Rahim Munir

SUCCESS is not only predicated on talent alone. other factors like timing, grace, goodwill among the general populace and a good chi contribute immensely towards ensuring a person’s success. Black Sherif seems to have all these factors forging together to elevate him towards a strata only a few could ascend. As he rightfully articulated during his inspiring acceptance speech at the 3Music Awards a week ago, all dreams can come through if you work towards it. “Two years ago, I had completed Senior High School”, he told the gathered audience at the Grand Arena, Accra International Conference Centre. “Look at me now. You could be like me”. 

The musical journey of this 20-year old has been nothing but phenomenal. The only two people who have had such meteoric rise in their careers – being embraced, protected and celebrated while putting in the deserved work are Sarkodie and Obrafour. Black Sherif is on course to charting his own path towards greatness. The few songs and features he has released offers good indication.

A month before the release of his new single “Kwaku The Traveller”, a member of his team told me how he thinks Blacko Sherif speaks things into existence on his songs. Citing the most recited lyrics from his magnum opus “Second Sermon” – Kweku Frimpong di asem b3 ba”, he told me how the line is indeed defining Blacko’s fame. He has indeed brought ‘trouble’ upon himself , albeit a positive one. He again referenced the message on “Kwaku The Traveller”, a song that was recorded months before Blacko’s contractual issues with his investor. Shaking his head, the team member said in jest, “Blacko should stop making records with prophetic messages”.

One of the most endearing qualities about Blacko, aside his talent and charming personality is the honesty he conveys in his songs. The songs reflect his circumstances and by extension that of many others. Though young, his lyrics are appreciated across all ages. His music writing skill is simple, direct and easily digestible by the listener. Although many consider him a rapper, he doesn’t borrow from the “rapper’s glossary” where clever wordplay and rap schemes, double entendres, metaphors are a must.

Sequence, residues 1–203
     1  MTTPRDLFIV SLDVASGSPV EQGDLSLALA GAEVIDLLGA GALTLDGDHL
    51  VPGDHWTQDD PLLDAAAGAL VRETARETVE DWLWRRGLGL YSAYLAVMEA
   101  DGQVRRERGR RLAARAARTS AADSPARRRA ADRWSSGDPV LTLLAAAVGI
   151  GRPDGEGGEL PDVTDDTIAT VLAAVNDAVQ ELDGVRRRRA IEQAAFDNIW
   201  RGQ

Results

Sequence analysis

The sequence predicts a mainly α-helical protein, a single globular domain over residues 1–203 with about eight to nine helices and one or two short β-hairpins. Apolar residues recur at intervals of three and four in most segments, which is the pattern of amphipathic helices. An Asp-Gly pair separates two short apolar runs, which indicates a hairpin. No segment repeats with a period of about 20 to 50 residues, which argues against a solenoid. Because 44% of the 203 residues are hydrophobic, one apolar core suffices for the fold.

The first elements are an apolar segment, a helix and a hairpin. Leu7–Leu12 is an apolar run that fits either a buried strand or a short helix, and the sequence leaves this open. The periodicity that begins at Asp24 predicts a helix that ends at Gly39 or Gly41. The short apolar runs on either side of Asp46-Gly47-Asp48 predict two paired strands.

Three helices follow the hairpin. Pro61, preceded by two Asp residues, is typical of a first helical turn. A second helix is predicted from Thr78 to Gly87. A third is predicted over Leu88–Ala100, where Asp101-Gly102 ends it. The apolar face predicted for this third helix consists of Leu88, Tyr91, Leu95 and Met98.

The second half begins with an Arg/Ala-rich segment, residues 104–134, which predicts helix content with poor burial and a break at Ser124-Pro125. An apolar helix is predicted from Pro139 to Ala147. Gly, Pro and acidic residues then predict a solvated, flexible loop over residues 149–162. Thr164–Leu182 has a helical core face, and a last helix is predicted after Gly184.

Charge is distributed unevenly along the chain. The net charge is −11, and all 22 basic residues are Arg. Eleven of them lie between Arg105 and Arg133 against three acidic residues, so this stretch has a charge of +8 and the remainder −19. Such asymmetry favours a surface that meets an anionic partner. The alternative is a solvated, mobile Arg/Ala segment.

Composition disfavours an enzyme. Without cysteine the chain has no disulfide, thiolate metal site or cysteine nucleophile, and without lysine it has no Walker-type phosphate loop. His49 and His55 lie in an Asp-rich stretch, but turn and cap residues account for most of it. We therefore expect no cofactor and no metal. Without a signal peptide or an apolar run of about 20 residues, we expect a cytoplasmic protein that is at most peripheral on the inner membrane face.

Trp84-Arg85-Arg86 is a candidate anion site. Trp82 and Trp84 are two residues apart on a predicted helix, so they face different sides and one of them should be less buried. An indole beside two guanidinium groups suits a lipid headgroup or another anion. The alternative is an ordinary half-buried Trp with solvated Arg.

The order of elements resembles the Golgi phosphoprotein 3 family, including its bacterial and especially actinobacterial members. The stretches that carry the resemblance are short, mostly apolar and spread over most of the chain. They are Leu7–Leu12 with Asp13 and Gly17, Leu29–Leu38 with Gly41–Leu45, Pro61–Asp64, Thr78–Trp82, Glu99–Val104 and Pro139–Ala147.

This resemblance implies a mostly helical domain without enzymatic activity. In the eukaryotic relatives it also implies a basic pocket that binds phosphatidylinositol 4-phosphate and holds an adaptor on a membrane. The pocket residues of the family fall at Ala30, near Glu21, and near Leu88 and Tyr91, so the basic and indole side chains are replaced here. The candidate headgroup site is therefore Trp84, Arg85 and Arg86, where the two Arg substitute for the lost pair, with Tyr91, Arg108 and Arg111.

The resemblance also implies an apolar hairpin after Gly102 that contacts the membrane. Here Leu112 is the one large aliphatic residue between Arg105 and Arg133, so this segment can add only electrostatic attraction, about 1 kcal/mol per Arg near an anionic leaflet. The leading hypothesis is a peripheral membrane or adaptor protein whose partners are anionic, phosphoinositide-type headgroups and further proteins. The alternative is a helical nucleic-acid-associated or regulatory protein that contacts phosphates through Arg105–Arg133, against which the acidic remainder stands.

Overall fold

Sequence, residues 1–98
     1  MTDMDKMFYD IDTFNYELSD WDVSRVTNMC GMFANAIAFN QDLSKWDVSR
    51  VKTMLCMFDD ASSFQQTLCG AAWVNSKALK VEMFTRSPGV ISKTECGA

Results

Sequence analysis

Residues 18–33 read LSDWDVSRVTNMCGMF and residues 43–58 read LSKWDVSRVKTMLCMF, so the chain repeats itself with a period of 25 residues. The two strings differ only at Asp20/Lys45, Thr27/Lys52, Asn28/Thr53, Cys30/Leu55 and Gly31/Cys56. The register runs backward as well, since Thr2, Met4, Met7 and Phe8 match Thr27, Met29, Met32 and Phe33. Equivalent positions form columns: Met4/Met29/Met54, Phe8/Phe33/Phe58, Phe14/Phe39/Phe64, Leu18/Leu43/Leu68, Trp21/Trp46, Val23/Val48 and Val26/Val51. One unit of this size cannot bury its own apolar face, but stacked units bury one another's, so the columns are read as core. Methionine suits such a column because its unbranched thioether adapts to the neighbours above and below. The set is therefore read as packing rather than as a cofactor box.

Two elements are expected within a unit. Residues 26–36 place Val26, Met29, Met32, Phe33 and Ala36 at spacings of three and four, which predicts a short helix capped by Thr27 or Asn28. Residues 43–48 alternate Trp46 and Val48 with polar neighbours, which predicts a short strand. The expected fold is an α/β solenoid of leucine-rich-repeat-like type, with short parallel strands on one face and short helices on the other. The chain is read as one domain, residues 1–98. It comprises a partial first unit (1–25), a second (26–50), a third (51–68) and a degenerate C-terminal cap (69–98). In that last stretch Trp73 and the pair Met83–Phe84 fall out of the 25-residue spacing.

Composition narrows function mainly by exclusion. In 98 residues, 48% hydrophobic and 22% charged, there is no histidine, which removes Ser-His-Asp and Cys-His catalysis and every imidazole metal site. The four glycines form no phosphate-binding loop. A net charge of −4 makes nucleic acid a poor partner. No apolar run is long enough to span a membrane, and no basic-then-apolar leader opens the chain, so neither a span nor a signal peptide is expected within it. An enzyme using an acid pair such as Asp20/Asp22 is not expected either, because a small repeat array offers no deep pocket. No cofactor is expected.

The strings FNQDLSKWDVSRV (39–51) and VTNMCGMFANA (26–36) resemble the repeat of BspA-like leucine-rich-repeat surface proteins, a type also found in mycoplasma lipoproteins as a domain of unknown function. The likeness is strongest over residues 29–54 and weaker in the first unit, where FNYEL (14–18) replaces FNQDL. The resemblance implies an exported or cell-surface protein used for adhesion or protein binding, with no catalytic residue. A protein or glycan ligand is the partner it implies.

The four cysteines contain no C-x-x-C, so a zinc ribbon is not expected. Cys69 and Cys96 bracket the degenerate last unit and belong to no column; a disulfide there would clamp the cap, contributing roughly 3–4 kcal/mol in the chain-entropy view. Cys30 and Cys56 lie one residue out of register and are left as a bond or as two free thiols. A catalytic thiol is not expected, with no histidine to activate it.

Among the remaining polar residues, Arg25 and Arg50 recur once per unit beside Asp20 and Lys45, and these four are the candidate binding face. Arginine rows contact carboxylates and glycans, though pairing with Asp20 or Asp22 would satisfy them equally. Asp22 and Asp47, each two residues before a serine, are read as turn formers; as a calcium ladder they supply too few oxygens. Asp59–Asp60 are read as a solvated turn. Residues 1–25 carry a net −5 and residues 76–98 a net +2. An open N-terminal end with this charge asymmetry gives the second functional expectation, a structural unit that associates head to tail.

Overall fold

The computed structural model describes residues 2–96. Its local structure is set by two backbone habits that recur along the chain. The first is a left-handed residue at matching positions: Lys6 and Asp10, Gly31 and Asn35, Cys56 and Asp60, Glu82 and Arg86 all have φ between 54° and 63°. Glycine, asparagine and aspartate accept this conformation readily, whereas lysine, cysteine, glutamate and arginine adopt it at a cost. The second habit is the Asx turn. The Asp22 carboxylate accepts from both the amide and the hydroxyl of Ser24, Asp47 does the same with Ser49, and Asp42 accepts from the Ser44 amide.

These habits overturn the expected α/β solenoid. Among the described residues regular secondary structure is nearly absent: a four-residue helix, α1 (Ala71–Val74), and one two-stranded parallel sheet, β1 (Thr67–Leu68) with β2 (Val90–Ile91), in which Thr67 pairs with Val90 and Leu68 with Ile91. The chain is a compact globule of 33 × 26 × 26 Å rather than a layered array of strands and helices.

Blacko’s music are picturesque. He offers clear close-ups in the stories he narrates. Songs like First and Second Sermons, Ankonam and Kwaku The Traveller are filled with well articulated imagery. On these records, he accepts his flaws, seeks redemption and appeals for forgiveness. “Nobody cajoled me into becoming a gangsta, it was my choice” and “I know my actions may have repercussions but accept me for who I am”, loosely translated from “Second Sermon” gives credence to this point. 

On his recent release “Kwaku The Traveller”, Blacko begins the song with a line that is reflective, honest and wearing the cloak of blame with no shame. “Kwaku killa don’t lie, when I say I did it/Big stacks, big cash, my way but still I fumbled it under one minute” later admitting on the following bar “Of course I fucked up” then proceeding to quiz, like Jesus was reported to have done in John 8:1-11: “Who never fucked up hands in the air?”. His delivery is punchy, his voice crisp and confident, matching the intensity of the drill beat that makes up the song.

Reflecting on the kerfuffle that engrossed him and his investor, albeit on hindsight, these opening words points to the ignorance and recklessness that comes with being young, stepping into money and enjoying fame. The opening words also draws parallel to Kendrick Lamar’s verses on “Wesley’s Theory” (i.e. when I get signed imma act a fool…).

Black Sherif is consciously aware of who he is – a young lad from Konongo Zongo with passion for music and a dream that continues to sparkle. Having interviewed him a couple of times, he radiates a contagious feeling of confidence- a young man comfortable in his own skin, he knows where he is coming from and where his final destination lies. He is aware of how tempestuous the music industry is. He seems prepared to enjoy the spoils that comes with the trade as well as embrace the losses associated with it. However, one conviction remains formidable: He Won’t Lose or derail from his dream. 

“Kwaku The Traveller” is a song that underscores his fallibility – a young 20-year old. At such an age, some mistakes are pardonable. He shouldn’t be hanged by his slips. He is aware of the goodwill he has among his growing fans, both in Ghana and beyond; thus his desire to not betray the trust and goodwill. “I go dey run my race, I’m gonna keep my pace”, he notes through introspection, concluding with “I really have no one to blame when I fall again”. He is a traveller. He is on a journey. He is appealing to all to pray for him. And he will recompense your well wishes with success. 

The Blacko season is definitely not a mirage. It’s really happening. From full songs to featured verses, Blacko continues to enchant listeners both in Ghana and beyond. As the data shows, “Kwaku The Traveller” has grossed 1 Million streams on Boomplay in just 4 days. The song sits at No. 1 on Top 100 Nigerian Charts on Apple Music and at No. 2 on Top Songs Nigeria Charts on Spotify (who said that Burna Boy feature on “Second Sermon Remix” was needless?). It’s been long since we saw an artist from Ghana making such an impression. All we can do is to support him, not derail his dream. 

WRITTEN BY: Rahim Munir (@Swayekidd)

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